The spectacle of which Ballesteros complained had included a first day on which not one of the one hundred and fifty-three players broke the par of 70 and on which the cumulative score added up to no fewer than 1,251 over par. By the end of the second round, it had all been too much for the five amateurs, none of whom escaped the guillotine. Thus the silver medal which goes to the leading amateur after seventy-two holes found no recipient.
The 1977 champion, Tom Watson, who from tbp first had pointed out that the way the fair ways curved compounded what he saw as the folly of making them so narrow, promised to put his views on paper in a letter to the R&A. He was as good as his word, Bonallack brandishing that letter on the morning after the championship at the R&A press conference.
In his four-page epistle, Watson was critical of the change in speed on the greens from the practice days. But again, Bonallack pointed to the part played by nature. The recent heat wave, followed by rain at the weekend, followed by the cold of much of the championship, had meant that even a greenkeeper with the skill and savvy of Turnberry's George Brown could not wholly control their pace, no matter when he cut or didn't cut, how he raised or lowered the blades.
At that same conference, Alistair Low, Chairman of the Championship Committee, conceded that the fairways had possibly been too narrow, some of them at least. There were other areas, too, where they would know better next time, notably the controversial and elusive ninth fairway, which he thought would have to be built up on the right for, as Low and Bonallack agreed, from the present wonderfully picturesque tee, the hole no longer plays as the architect, Mackenzie Ross, originally conceived.
The Ailsa course in its 1986 championship guise was far removed what most would have seen as Greg Norman's natural habitat, and the way he coped illustrated the greater patience which now more often tempers his natural aggression and confidence. "When I first saw Turnberry," he was to recall, "the deep rough, and those narrow, angled fairways, I thought, 'Oh my God.' But then I told myself to accept the fact that this was going to be a bogey week, that everyone was going to have them and that what would matter was not allowing a bogey to multiply into a double or triple."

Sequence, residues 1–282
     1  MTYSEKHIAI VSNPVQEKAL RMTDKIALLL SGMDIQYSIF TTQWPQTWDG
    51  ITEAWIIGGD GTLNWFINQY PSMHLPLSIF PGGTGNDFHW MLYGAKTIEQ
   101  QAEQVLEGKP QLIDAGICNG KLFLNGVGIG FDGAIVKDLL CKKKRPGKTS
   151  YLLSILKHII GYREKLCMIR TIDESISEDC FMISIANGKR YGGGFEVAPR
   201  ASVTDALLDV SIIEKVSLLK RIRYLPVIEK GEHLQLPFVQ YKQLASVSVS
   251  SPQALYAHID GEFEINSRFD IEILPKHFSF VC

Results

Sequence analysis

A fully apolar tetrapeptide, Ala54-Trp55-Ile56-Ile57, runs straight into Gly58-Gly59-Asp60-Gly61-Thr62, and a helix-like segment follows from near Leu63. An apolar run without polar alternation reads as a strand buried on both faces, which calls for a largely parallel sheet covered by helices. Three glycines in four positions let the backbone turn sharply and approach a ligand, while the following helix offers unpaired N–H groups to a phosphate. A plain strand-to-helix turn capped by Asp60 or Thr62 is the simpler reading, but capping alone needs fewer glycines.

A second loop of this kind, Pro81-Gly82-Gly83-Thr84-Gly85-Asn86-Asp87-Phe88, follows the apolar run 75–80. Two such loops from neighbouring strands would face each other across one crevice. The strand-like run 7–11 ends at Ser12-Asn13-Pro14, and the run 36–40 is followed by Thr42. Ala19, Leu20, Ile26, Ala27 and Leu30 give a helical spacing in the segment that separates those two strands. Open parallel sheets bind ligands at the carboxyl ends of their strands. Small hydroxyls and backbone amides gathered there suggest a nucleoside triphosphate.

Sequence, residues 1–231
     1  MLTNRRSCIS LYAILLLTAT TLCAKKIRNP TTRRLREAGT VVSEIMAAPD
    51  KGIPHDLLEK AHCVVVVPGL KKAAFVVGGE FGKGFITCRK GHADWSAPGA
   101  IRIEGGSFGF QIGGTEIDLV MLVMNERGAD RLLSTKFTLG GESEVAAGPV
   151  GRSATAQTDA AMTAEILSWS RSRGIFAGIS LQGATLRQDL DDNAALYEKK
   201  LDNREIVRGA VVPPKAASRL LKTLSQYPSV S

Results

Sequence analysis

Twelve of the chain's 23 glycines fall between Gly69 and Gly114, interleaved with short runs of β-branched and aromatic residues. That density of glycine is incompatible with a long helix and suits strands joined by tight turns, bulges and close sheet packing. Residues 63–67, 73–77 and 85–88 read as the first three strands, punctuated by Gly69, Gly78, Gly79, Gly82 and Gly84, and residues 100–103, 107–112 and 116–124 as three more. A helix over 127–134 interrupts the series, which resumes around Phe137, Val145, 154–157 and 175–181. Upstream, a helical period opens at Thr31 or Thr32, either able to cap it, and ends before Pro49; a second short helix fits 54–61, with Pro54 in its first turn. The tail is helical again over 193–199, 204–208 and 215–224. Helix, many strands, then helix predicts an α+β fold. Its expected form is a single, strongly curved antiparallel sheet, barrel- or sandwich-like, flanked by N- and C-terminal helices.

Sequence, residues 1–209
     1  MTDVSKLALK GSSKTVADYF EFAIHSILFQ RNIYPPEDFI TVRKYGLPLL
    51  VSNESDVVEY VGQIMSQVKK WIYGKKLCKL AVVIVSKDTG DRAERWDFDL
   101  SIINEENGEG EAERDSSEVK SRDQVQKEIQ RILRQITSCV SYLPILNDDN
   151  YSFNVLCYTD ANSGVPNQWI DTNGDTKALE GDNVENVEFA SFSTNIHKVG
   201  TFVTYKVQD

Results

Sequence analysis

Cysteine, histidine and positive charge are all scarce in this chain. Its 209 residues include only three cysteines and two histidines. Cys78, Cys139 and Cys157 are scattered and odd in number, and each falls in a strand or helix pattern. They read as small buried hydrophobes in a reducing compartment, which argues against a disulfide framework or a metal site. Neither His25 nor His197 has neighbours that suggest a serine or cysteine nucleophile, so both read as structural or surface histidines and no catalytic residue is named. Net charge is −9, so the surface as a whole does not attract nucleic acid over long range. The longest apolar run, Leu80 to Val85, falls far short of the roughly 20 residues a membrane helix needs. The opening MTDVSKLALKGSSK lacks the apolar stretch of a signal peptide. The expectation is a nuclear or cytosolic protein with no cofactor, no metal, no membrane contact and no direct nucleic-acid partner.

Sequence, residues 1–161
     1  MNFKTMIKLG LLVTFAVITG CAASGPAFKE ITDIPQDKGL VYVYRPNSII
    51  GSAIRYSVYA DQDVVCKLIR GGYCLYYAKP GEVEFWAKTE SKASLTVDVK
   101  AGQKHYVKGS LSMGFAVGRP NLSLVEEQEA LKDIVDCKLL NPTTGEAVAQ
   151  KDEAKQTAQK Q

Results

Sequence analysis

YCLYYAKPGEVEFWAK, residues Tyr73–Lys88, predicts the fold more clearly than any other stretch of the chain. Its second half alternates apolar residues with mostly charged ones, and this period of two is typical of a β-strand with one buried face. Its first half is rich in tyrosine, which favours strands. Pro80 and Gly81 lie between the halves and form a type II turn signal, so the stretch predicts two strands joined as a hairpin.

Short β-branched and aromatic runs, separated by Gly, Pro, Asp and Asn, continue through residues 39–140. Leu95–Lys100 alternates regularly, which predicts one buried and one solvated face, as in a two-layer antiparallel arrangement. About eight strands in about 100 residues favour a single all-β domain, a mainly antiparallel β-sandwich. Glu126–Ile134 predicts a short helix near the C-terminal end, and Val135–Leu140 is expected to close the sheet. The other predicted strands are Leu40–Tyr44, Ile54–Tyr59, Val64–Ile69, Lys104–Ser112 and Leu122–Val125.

Way back, when Norman won the Martini at Rosemount in 1977 in what was only his second tournament in Britain, he took the club back a little on the outside and then dropped it on the inside, but now his swing is very much more on the line from start to finish. His short game, and in particular his ability to manufacture shots, is greatly improved, the use he makes of his knees seemingly giving him a much softer feel. At Turnberry his putting also generally went well, the stance open as he likes to have it, the ball addressed off the toe of his blade putter in a manner reminiscent in that respect of Bobby Locke.
On the last afternoon, one never really doubted that Norman was going to win from the moment he holed his bunker shot at the third. Some have wanted to make much of the fact that those in closest pursuit at Turnberry proved incapable of sustaining any real challenge on the last round, and so Norman was never under any great pressure. That, though, was hardly his fault, and if the great names were not hard on his heels, the fact remains that they were mostly in the field and he had already left them far in his wake.
Norman's win at Turnberry in succession to Sandy Lyie at Royal St. George's the previous year and Seve Ballesteros at St. Andrews in 1984 meant that no American had won the title since Tom Watson at Royal Birkdale in 1983. That minor statistic paled by comparison with the fact that whereas in 1977 at Turnberry eleven of the players who finished in the top twelve were Americans, this time there were only two, namely, Gary Koch, who was sixth equal, and Fuzzy Zoeller who was joint eighth.
Gary Player had advised the R&A to take no notice of the cry-babies, and both Mark McCormack and Jack Nicklaus had referred to American players as pampered. Norman, for his part, told how he had urged the stream of players emerging on the U.S. tour from college golf scholarships to play Europe, Asia and elsewhere in the world, so that they might learn to play all the shots in a variety of conditions rather than simply target golf on immaculately conditioned courses.
It would be premature to read too much into the eclipse of the Americans at Turnberry and certainly Muirfield in 1987 is likely to be much more to their taste. Nevertheless, it was interesting if nothing more that it proved the prelude to the victory on American soil of Great Britain and Ireland in the Curtis Cup which meant that of the four main Trans-Atlantic trophies, the Walker Cup, the Ryder Cup, the Curtis Cup and the PGA Cup, the Walker Cup alone now is in American hands.
In spite of the improvement of golf worldwide, a strong American presence in the Open Championship is still deemed essential, which is why the R&A have to be careful that they never so Americanise their courses as to invalidate the old saw that no champion is complete until he has proved that he can win on either side of the Atlantic.